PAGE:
During metamorphosis of the hawkmoth, Manduca sexta, the muscles, cuticular structures, and most sensory neurons of the larval thoracic legs are replaced by new elements in the adult legs. The thoracic leg motoneurons, however, survive the loss of the larval muscles and persist to innervate new targets in the imaginal legs. Here we have used biocytin staining, immunocytochemistry, and confocal microscopy to follow the fates of the peripheral processes and presynaptic terminals of the leg motoneurons. Although the most distal processes of the motor nerves retract following the degeneration of larval leg muscles, the axon terminals always retain close association with the muscle remnants and the antigen of the new adult muscles. As the imaginal muscles differentiate and enlarge, the motor terminals expand to form adult presynaptic terminals. An antibody to the presynaptic protein, synaptotagmin, revealed its localization to the terminal varicosities in both larval and adult stages but distribution within pre- terminal branches during adult development. Electrophysiological methods revealed that functional neuromuscular transmission first occurs quite early during metamorphosis, before the differentiation of contractile elements in the muscle fibers.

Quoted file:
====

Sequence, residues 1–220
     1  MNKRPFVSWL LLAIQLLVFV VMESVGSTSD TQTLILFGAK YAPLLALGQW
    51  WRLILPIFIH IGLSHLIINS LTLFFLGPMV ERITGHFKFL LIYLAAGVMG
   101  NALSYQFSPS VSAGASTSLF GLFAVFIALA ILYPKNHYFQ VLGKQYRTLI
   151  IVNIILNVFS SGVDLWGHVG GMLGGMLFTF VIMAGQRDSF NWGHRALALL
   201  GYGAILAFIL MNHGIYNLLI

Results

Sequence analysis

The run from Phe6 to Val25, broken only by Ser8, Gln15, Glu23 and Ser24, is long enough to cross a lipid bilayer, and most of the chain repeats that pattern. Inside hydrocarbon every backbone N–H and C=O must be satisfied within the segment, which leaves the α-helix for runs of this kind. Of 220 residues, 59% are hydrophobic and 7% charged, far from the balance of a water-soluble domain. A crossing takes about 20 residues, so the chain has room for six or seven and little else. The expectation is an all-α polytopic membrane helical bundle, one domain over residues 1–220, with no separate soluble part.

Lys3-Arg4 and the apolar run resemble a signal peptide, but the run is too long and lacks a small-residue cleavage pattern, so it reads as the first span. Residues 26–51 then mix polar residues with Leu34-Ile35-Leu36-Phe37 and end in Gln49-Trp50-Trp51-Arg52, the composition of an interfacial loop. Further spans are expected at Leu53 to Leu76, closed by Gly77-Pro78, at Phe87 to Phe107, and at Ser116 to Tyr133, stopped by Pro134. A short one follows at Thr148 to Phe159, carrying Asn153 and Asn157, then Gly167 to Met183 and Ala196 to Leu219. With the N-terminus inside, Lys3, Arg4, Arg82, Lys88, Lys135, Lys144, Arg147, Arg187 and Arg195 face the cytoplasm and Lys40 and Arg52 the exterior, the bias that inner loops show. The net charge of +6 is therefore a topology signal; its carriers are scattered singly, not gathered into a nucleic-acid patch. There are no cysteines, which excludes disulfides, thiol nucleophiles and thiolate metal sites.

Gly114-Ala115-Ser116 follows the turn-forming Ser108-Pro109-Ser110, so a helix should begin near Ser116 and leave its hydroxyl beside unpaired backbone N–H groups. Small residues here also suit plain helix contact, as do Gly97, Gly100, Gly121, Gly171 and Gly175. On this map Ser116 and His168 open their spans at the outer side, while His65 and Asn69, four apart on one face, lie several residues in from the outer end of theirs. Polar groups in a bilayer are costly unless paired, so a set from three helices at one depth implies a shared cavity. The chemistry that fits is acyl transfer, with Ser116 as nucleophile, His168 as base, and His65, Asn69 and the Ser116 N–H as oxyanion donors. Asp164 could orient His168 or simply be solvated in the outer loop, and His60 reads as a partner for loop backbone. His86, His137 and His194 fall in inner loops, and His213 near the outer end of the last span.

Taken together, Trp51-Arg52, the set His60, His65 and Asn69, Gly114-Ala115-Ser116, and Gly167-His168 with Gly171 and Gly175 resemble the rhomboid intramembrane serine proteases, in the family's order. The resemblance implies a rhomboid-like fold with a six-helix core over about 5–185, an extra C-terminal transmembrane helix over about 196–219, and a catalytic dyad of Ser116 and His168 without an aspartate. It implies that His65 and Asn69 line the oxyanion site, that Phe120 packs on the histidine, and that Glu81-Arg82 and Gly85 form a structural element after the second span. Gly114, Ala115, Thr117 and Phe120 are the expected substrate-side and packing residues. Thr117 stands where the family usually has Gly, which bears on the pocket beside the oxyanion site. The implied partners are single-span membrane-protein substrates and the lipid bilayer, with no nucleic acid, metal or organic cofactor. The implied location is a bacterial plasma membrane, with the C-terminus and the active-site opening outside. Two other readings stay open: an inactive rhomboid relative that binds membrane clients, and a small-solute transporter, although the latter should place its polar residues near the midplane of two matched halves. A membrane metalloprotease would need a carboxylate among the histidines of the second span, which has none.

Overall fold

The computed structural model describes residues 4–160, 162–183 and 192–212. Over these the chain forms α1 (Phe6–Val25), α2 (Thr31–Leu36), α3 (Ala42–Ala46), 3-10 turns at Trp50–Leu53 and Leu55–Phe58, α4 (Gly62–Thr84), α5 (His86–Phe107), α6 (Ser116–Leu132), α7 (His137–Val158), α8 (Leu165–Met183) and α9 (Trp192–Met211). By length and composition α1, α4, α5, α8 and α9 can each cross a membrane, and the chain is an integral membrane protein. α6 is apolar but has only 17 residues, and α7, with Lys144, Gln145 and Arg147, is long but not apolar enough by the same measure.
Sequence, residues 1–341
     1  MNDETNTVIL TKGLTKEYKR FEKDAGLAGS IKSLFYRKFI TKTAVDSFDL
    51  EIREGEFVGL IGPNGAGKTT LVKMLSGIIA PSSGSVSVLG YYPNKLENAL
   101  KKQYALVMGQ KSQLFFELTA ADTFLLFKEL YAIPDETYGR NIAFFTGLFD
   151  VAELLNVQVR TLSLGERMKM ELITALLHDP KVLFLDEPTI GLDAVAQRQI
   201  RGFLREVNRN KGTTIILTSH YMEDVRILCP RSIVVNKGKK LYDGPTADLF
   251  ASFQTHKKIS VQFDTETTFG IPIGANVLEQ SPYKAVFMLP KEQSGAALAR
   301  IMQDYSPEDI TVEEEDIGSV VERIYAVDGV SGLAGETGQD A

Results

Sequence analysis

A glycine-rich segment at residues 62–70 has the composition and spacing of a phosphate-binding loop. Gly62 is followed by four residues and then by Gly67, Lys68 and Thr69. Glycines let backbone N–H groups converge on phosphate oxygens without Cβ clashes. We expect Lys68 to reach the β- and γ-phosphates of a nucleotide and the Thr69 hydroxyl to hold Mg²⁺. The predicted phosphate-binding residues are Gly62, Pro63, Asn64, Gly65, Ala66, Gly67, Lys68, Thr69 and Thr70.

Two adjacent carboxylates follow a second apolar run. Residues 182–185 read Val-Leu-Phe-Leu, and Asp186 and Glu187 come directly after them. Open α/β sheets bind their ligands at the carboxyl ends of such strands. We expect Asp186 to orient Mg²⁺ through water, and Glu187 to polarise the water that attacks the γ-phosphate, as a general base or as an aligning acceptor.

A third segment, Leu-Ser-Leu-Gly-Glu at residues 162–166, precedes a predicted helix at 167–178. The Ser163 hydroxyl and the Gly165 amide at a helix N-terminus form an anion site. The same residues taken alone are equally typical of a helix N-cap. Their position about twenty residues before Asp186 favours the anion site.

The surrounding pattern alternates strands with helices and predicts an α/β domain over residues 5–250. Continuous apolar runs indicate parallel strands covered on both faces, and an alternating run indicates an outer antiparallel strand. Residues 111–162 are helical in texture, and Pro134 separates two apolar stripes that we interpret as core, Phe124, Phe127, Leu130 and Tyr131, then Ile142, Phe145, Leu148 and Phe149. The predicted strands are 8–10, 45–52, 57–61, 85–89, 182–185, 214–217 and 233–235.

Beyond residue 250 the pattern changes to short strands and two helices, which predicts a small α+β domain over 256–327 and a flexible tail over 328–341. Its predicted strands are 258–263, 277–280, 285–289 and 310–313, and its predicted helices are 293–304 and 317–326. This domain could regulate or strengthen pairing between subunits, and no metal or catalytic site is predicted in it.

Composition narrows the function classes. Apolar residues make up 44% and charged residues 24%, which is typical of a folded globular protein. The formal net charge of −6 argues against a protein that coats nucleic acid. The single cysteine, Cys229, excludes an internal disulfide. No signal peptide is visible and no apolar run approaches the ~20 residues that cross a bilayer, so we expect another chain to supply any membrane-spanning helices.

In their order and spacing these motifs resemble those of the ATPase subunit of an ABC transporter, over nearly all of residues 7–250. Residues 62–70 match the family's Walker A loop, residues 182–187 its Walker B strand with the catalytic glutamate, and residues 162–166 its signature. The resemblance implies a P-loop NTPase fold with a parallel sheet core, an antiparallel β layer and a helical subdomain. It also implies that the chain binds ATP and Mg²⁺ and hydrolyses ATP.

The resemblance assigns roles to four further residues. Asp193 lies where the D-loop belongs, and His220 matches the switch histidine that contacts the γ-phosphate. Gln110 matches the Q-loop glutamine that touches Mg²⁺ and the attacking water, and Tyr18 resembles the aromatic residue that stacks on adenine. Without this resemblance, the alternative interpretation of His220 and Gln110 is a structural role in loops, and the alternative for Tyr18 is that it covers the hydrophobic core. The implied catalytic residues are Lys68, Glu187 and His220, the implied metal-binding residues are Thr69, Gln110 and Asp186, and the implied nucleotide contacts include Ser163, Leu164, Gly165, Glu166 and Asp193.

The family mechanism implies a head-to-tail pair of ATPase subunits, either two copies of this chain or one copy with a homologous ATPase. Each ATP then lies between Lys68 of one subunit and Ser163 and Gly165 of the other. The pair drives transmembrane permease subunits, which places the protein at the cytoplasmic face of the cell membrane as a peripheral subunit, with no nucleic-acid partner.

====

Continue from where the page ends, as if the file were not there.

|Original language||English (US)|
|Number of pages||20|
|Journal||Journal of Comparative Neurology|
|State||Published - Aug 26 1996|
ASJC Scopus subject areas